Dried figs (from Walmart)
Dried dates (from Costco)
Feta-stuffed olives (from Walmart)
Sliced red onion
Honeyed goat cheese (Trader Joe’s)
Brie cheese (Trader Joe’s)
Caramalized onion cheddar (Trader Joe’s)
Sharp cheddar (Walmart)
Gyro meat with lamb and beef (Trader Joe’s)
Here’s our program:
Pray over food and eat
Read Luke 2:8-18
Sing or listen to “Angels We Have Heard on High”, “It Came Upon a Midnight Clear”, “While Shepherds Watched Their Flocks”
(We love using the Sacred Music App from The Church of Jesus Christ of Latter Day Saints. It’s free and full of sheet music and recordings of so much incredible music, including these Christmas hymns!)
If you host your own Shepherd’s Supper, I’d love to hear about it! Come drop me a comment or a message on Instagram! May your Christmas week be full of love and meaningful traditions!
A special part of our Christmás celebration is helping our children develop the attribute of generosity. Looking beyond their own wants and needs and thinking about others is a great way to be more like Christ, and do His work during this special time of year.
One way we have always done that is by having our children exchange gifts. In the past, we have helped them purchase small gifts, but for the last couple years, we have had them create homemade gifts for each other. It has been even more special to see them really give of themselves, and work on something for their siblings.
It was important to me to keep things simple this year, so I made sure that they chose things that they could do (mostly) on their own, and that didn’t require a whole lot of materials or make big messes.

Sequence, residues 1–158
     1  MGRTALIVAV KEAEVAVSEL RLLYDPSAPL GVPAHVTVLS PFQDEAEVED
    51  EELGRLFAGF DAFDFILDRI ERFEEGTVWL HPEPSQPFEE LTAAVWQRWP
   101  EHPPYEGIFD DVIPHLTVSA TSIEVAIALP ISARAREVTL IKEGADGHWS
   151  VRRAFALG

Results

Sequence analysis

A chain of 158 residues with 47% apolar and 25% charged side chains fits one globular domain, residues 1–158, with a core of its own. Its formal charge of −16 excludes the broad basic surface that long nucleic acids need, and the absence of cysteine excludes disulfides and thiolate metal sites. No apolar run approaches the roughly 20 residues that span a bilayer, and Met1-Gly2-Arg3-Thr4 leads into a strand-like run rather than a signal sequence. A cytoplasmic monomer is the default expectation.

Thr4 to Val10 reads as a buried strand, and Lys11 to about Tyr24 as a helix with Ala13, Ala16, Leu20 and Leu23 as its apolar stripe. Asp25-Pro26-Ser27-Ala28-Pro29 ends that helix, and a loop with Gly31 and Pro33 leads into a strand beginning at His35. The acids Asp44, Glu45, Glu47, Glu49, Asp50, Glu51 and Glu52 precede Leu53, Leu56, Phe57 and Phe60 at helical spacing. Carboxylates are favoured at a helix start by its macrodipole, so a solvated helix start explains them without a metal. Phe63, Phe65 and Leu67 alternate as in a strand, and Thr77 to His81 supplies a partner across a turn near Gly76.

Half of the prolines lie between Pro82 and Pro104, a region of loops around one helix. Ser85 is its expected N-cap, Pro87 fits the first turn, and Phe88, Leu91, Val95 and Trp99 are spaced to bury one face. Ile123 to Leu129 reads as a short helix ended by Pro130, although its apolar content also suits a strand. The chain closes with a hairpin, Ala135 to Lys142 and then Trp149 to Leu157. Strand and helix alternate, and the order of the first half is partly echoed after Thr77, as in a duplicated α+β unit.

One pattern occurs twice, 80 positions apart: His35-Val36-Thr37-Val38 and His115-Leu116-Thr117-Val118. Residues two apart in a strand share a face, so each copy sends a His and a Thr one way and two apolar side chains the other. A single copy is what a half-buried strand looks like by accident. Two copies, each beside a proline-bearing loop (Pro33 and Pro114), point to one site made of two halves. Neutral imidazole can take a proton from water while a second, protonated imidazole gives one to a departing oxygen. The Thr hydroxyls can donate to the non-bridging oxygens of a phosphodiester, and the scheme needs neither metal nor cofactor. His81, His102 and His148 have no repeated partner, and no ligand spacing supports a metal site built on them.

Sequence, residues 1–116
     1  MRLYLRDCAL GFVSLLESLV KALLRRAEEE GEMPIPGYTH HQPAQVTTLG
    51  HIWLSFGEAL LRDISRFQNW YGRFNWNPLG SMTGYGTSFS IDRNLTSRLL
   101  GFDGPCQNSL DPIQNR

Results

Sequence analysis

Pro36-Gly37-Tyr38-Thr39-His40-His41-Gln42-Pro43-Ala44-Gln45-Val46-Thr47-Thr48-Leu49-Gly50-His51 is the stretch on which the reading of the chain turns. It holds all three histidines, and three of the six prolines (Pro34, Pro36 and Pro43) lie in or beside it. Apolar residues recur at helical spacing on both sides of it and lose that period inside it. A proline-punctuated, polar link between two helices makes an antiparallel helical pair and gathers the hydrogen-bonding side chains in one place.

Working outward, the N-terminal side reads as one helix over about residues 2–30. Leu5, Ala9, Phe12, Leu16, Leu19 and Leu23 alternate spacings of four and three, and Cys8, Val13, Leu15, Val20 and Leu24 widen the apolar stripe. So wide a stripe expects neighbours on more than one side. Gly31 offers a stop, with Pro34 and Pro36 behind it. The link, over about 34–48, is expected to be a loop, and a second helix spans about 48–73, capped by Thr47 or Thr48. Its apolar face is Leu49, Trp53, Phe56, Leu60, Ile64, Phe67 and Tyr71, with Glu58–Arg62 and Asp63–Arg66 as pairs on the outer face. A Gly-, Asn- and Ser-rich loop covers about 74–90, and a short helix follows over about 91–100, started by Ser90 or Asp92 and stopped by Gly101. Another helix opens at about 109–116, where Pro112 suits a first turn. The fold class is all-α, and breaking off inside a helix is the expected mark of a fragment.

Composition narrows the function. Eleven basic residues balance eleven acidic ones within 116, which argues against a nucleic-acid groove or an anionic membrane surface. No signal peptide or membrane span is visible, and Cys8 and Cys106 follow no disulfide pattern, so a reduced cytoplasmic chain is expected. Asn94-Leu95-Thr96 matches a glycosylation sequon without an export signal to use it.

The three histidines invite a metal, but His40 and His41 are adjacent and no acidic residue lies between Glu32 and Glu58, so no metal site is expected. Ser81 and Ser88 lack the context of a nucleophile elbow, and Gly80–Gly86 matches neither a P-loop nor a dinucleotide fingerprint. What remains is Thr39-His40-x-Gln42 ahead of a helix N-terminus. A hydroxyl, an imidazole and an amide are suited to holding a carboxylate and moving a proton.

For simplicity’s sake, each child made the same thing for all of their sibling, but they each chose something unique, and they turned out so cute! Here are the five handmade gifts that my children are giving each other this year. I hope they inspire your family to get creative and generous toward one another!
My oldest chose to customize pillowcases for each of her siblings. We bought a multi-pack of white pillowcases on Amazon, and she drew a special design on each one with fabric markers. She spent a lot of time designing and executing these, and it was a true labor of love. She’s had them wrapped and labeled for weeks now (I, on the other hand, haven’t started wrapping…) and she can’t wait to share them with her siblings.
My second daughter dreamed these up on her own. Mini monogrammed plaques for each of her siblings to keep in their rooms. We ordered all the supplies online. Wooden plaques, burlap tape, and decorative sea shells. But what I love about this project is that the options are limitless. These could also make really cute ornaments if you used just one plaque and attached a loop of ribbon or twine.
Don’t tell, but this one might be my favorite. How cute are these little snowman socks? My seven-year-old used fabric markers to make several pairs of customized socks for each sibling. I love how thoughtful she was! This project is so easy, and all you need are some plain white socks and a set of fabric markers!
My son was absolutely delighted to work with me to create these sweet treats for his sisters! They are made of Jolly Ranchers, and so SO simple to do! On parchment paper, line up three Jolly Ranchers for each lollipop, making sure to off set each group so you have room to add the sticks later. Bake for 6-8 minutes at 275 degrees Fahrenheit, then pull them out and press 4 inch lollipop sticks into the melted Jolly Ranchers. Twist the sticks a bit to cover them completely with candy, and put them back in the oven for a minute to make sure they get fully covered. Press and twist again if needed, then allow them to cool for 25 minutes at room temperature. We wrapped them in little cellophane bags and added colorful twist ties to finish them off.
Homemade Play Dough